Celeb chat with media personality turned pilot, Tim Njiru
In the era of social media, we’ve become accustomed to catching glimpses of their meticulously curated lives, as they unveil carefully selected moments to share with family, friends, and thousands of followers.
From the outside, their existence seems impeccably planned, every minute accounted for but what lies beyond the screens and the glare of the cameras is a life woven with the threads of human experiences—moments of soaring triumphs and the humbling depths of vulnerability.
Today, join Nairobi News (NN) as we embark on an exhilarating journey with a media personality who traded the limelight for the open skies, Tim Njiru (TN), in a rapid-fire celeb question-and-answer chat…
NN: Where are you from and what was your upbringing like?
TN: I’m a pure Embu bloke, born and raised in Nairobi’s Eastlands, socialized and molded with rich values.
NN: Who are the members of your immediate family?
TN: My father is my best man. That Man has seen it all and says it as it is. Mother is the prayer warrior and continuously instills intuition. My 3 siblings bring out the different perspectives and views of life.
NN: What’s your favorite family tradition?
TN: Nyama choma (grilled meat) whenever there’s a celebration or a public holiday.
NN: What’s your family’s role in your decision making a life path?
TN: They keep me on my True North bearing.
NN: What’s your typical day like?
TN: School life: Class at 6 am (ground school, revision, new lessons). If the weather is good, fly at 8 am, and back at 10 am depending on the exercise. The afternoon is for beating stories and socializing with Wilson airport community. There are amazing people at the airport. Leave school to chill, music, make an elaborate balanced meal, take an evening stroll around the estate then turn in at 10pm
Also TN: Non-school life: Up at 6:30 am, simple morning workout, read a devotion. Prep for the day. If there’s work, it will start at 9 am. If there is no work, I’ll try a new video editing technique or study what else I can do with the camera beyond what the manual says. Go to the club to play table tennis or swim. The day ends at 3 pm. After 3 pm, I’ll explore new music and new books or plan a trip. Depending on personal and work needs, I’m always out of town every 2 weeks or sometimes every week.
NN: What’s your philosophy on maintaining work-life balance?
TN: Media and Aviation are both demanding. There’s a client whose expectations have to be met and there’s a lot to brush up on to remain current with flying. The best one can do is pause and make sure the lines are drawn.
NN: What do you do to unwind and recharge after a particularly intense day or week?
TN: Binge watch Just for Laughs, BBC Proms and tech videos on the iPad.
NN: How do you deal with people in your audience who have opposing perspectives?
TN: Do your best to listen carefully to what they are saying and do it with your heart.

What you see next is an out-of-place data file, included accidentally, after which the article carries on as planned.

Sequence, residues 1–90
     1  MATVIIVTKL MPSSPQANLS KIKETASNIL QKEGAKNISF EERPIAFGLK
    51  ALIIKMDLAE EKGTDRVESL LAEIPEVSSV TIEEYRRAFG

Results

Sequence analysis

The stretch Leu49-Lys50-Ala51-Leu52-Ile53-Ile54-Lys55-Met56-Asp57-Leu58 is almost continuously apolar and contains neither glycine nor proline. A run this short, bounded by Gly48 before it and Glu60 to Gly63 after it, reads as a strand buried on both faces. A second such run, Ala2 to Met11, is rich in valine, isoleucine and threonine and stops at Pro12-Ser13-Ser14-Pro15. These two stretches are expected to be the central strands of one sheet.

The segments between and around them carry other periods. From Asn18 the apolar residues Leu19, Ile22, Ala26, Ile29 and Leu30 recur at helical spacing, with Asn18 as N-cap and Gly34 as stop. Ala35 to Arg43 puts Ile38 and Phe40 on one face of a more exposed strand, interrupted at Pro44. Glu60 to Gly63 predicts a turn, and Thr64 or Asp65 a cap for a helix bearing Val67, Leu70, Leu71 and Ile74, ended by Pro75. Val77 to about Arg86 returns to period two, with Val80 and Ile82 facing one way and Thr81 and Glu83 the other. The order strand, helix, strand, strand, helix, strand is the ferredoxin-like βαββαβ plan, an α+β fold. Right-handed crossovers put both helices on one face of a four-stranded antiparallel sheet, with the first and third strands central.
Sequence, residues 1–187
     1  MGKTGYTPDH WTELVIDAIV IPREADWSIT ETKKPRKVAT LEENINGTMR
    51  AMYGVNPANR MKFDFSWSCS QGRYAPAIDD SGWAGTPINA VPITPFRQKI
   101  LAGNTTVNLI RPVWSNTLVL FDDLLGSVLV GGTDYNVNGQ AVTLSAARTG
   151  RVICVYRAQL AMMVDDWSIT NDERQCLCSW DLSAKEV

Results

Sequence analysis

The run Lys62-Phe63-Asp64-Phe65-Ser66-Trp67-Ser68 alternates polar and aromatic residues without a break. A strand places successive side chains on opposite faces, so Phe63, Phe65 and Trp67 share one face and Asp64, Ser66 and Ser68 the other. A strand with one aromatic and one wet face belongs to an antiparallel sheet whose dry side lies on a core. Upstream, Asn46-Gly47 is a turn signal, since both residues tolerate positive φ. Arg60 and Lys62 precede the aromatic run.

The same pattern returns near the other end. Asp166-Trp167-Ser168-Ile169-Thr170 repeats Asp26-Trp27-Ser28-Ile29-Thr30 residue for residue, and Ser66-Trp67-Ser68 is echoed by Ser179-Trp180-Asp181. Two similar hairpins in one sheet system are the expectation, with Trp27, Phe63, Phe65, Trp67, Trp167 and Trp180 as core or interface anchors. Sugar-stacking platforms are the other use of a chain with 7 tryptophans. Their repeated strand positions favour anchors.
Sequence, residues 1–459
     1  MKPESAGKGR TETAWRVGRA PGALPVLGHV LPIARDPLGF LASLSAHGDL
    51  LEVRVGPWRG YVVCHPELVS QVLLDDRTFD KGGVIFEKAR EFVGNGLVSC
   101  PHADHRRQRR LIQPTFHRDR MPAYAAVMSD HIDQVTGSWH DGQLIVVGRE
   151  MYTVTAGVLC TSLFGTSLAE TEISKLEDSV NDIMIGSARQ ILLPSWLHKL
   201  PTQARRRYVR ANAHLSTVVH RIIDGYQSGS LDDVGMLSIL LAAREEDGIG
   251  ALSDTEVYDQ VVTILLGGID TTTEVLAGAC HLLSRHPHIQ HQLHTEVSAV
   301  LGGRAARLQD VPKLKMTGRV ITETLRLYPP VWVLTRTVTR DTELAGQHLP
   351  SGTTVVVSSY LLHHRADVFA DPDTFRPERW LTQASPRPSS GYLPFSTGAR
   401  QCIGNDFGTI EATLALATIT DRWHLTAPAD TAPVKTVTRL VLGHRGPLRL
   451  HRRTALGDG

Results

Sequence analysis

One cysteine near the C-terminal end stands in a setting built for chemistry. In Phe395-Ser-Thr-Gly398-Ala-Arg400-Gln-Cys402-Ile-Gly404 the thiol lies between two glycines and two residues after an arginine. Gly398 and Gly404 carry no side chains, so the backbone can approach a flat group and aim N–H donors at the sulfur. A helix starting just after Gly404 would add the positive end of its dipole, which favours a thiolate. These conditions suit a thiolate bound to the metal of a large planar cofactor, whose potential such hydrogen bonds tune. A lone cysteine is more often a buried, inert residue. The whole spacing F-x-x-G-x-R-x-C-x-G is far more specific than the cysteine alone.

NN: How do you balance your public persona and your private life? Do you have boundaries in place?
TN: Yes. Your dustbin, your bank account and your love letters should remain private.
NN: What’s your financial hack approach?
TN: Most things we spend money on today will run out of fashion or become obsolete after some time. It is best to have just one good thing following the function. E.g. Have one nice suit, a good cologne, dress shoes, and a few shirts. I’ve perfected my cooking skills. I rarely eat out.
NN: What have you cut spending on to save up on money?
TN: I don’t need that Netflix subscription. There’s been no TV in my space since 2019. I have an iPhone 7 to this day that still works perfectly- I might upgrade once I’m done paying for commercial hours at school. I stopped hiring filming/photography gear and personnel. Had to cut the back and forth and learn to manage focus.
NN: Your best self-investment expenditure?
TN: Investing in a good videography gear and swiping my card for online photo editing courses. Made me get paid for being both a videographer and photographer.
NN: How do you deal with your critics and naysayers?
TN: 99.99% of what naysayers say is their projection. The remainder is noise.
NN: How do you deal with them when it comes down to it?
TN: Cue “Schnappi das kleine krokodil” song and let it play in your head till they’re done speaking, then respond with a “thanks for sharing” and move on. Schnappi is a happy crocodile.
NN: Can you share any insights into your approach to fashion and personal style?
TN: Dress the part, and don’t go past 3 colors.
NN: What is: The most fashionable item in your closet?
TN: The black beaded bracelet with two yellow stripes from Maasai market- worn on my right hand always. Had it customized. It serves as a daily reminder of where I want to be. I look at it. It is my vision. A daily reminder of the big picture which I always have to keep an eye on.
NN: Your most expensive item?
TN: My camera bag.
NN: Your cheapest item?
TN: The transparent Kenpoly plastic lunchbox where I store the wireless mics. It stays in the camera bag.
NN: Your most precious item?
TN: A beard shaving kit. It’s the first thing to pack.
NN: Your most hated item?
TN: A tea sieve made of plastic.
NN: Can’t do without item?
TN: A red pair of Adidas sneakers. That’s the shoe I will wear when I’m in a filming work environment outdoors.
At the age of 38, Tim Njiru made the bold and daring move to venture into a career in aviation after working in the media industry for 23 years. He is a licensed pilot who hopes to be one of the most renowned African aviation storytellers.